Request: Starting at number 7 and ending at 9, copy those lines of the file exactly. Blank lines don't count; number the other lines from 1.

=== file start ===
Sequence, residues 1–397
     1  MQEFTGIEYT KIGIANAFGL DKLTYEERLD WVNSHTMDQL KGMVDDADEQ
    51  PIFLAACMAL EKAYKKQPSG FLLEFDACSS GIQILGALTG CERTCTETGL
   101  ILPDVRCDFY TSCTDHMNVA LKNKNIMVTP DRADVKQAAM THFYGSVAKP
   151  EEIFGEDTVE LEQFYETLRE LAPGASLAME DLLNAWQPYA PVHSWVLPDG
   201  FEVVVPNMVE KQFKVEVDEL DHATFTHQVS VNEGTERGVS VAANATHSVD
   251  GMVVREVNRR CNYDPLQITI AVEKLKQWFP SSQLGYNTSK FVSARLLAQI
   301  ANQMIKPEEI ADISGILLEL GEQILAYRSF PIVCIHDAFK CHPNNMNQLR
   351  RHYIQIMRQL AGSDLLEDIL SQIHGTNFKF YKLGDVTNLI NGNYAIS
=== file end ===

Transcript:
   251  GMVVREVNRR CNYDPLQITI AVEKLKQWFP SSQLGYNTSK FVSARLLAQI
   301  ANQMIKPEEI ADISGILLEL GEQILAYRSF PIVCIHDAFK CHPNNMNQLR
   351  RHYIQIMRQL AGSDLLEDIL SQIHGTNFKF YKLGDVTNLI NGNYAIS